• Court Lady: Mikushige-dono (御匣殿), Sanjo Kinfusa's daughter
    • Son: Imperial Prince Priest Chujo (忠助法親王; d.1290)
    • Sixth Son: Imperial Prince Priest Shōjo (性助法親王; 1247-1282)
  • Court Lady: Anegakoji Saneyo's daughter
    • Son: Imperial Prince Priest Jōjo (浄助法親王; 1253-1280)
  • Court Lady: Emontoku-no-tsubone (右衛門督局), Ichijo Yoshiyasu's daughter
    • Son: Imperial Prince Priest Enjo (円助法親王; 1236-1282)
  • Court Lady: Nijo-no-Tsubone (二条局), Fujiwara Toshimori's daughter
    • Second Daughter: Imperial Princess Yasuko (愷子内親王; 1249-1284)
  • Court Lady: Ichijo-dono-no-tsubone (一条殿局), Fujiwara no Kanefusa’s daughter
    • Son: Imperial Prince Priest Nin’e (仁恵法親王; 1244-1298)
  • Court Lady: Dainagon-no-Tsubone (大納言局), Nakanoin Michikata's daughter
    • Prince (1243)
  • Court Lady: Kujō Yoshihira's daughter
  • Court Lady: Minamoto no Yorimasa's granddaughter
    • Priest Shojo
  • Court Lady: Fujiwara clan's descendant
    • Second Son: Kōhō Ken'nichi (高峰顕日; 1241-1316)

Events of Go-Saga's lifeEdit

He ruled from 21 February 1242, to 16 February 1246.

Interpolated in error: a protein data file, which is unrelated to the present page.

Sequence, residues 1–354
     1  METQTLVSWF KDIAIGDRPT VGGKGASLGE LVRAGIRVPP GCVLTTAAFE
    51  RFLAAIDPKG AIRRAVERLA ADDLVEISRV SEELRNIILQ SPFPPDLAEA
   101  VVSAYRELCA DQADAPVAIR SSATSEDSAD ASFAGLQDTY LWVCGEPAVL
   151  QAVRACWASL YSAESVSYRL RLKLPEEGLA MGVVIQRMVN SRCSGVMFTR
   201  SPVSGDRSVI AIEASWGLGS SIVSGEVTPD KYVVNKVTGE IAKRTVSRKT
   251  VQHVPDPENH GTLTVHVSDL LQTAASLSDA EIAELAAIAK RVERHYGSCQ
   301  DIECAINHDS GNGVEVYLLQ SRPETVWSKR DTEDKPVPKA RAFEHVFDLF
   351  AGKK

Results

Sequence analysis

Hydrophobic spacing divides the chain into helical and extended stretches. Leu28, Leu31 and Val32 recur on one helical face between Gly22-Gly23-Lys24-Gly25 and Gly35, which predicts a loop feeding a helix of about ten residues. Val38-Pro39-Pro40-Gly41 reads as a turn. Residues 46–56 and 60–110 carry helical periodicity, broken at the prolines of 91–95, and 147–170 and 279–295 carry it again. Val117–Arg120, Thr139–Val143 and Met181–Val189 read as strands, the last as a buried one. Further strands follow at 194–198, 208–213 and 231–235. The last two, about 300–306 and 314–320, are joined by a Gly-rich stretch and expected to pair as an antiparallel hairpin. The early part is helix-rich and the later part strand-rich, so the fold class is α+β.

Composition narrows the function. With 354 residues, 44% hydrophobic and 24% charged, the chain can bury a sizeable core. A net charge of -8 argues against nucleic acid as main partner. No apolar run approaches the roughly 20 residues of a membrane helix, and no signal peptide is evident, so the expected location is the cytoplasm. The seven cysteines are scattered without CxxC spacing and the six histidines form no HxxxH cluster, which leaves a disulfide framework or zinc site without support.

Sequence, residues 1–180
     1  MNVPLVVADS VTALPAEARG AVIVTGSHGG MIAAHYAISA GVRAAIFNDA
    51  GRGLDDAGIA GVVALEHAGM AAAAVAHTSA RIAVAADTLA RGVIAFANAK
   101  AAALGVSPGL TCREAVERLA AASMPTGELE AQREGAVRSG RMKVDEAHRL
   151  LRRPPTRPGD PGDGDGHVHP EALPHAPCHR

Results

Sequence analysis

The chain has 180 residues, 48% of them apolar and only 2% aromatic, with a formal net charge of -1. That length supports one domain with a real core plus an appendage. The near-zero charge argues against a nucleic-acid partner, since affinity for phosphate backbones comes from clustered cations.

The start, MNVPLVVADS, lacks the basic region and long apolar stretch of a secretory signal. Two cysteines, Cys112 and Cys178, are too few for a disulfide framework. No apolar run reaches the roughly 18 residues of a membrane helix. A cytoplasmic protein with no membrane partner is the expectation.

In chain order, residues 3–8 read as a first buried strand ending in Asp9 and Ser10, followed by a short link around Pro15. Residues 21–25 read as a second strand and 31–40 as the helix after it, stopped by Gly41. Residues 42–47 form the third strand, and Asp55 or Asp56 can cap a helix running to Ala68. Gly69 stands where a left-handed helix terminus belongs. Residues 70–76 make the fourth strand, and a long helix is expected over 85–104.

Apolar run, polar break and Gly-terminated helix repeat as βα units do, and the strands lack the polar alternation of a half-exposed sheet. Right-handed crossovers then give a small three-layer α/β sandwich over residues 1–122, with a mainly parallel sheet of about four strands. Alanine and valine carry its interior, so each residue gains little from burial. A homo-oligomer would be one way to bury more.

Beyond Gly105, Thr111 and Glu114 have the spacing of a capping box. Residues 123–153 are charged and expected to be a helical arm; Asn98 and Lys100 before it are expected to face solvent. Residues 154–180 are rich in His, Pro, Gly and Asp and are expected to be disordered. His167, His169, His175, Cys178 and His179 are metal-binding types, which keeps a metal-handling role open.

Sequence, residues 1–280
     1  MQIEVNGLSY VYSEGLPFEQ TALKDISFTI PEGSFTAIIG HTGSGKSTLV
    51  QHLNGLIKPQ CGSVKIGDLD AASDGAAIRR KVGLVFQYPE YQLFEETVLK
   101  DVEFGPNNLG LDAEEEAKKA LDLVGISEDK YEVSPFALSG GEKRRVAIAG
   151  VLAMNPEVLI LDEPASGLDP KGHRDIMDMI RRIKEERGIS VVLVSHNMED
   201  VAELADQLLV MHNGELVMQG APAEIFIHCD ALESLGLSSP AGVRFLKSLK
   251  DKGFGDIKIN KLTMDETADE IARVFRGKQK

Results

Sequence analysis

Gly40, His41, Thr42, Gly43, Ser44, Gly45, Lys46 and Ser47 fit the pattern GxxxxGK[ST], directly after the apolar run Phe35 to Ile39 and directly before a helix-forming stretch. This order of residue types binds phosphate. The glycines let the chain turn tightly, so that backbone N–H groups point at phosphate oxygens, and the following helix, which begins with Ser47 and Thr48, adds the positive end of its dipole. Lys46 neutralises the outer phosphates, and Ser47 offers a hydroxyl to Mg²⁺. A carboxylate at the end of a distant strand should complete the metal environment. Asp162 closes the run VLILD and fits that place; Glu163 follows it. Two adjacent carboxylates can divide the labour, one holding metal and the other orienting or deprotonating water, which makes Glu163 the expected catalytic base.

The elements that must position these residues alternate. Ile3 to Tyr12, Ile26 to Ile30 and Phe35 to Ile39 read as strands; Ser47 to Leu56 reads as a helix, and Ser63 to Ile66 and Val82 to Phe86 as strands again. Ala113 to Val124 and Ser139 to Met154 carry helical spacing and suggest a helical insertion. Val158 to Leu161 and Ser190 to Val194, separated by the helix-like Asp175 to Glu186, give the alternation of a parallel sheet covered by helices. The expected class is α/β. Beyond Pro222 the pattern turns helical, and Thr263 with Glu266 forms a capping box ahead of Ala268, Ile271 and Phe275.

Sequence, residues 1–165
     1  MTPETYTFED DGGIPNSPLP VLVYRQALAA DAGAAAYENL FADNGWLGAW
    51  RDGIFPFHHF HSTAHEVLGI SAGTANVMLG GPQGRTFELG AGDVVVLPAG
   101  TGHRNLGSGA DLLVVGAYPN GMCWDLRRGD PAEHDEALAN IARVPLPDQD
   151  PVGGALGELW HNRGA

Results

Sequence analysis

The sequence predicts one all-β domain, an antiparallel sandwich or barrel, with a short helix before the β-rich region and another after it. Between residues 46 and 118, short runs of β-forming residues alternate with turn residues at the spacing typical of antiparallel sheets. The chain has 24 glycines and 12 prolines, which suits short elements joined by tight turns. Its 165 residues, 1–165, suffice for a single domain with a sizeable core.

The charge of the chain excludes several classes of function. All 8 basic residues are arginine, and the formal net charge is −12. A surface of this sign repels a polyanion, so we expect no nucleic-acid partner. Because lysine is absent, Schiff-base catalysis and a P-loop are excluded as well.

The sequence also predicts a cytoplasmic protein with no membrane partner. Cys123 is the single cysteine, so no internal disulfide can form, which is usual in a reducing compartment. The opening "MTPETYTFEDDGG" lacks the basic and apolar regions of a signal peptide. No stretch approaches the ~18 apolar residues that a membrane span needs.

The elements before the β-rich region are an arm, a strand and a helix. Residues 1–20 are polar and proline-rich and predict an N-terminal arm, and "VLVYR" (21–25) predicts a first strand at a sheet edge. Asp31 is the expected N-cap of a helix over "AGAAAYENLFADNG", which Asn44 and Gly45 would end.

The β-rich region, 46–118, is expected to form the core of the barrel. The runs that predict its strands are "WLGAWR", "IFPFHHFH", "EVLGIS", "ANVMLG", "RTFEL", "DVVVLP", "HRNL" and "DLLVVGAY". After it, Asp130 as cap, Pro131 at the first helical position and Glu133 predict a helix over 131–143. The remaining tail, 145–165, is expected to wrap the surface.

When Emperor Tsuchimikado moved to Tosa Province (on Shikoku), he was raised by his mother's side of the family.

Because of the sudden death of Emperor Shijō at the age of 10, the question of succession arose. Because the expectations of the court nobility and the Bakufu conflicted, the issue was bitterly contested. Kujō Michiie and the court nobility supported Prince Tadanari (忠成王), a son of Retired Emperor Juntoku, but the shikken Hōjō Yasutoki was opposed to the sons of Juntoku because of his involvement in the Jōkyū War. Michiie instead supported Tsuchimikado's son Prince Kunihito as a neutral figure for Emperor. During these negotiations, there was a vacancy on the throne of 11 days.

  • 11 February 1242 (Ninji 3, 10th day of the 1st month): In the 10th year of Shijō-tennō 's reign (四条天皇10年), the emperor died suddenly; and despite a dispute over who should follow him as sovereign, contemporary scholars then construed that the succession (senso)[6] was received by the second son of former Emperor Tsuchimikado.[7]
  • 19 April 1242 (Ninji 3, 18th day of the 3rd month): Emperor Go-Saga is said to have acceded to the throne (sokui).[8]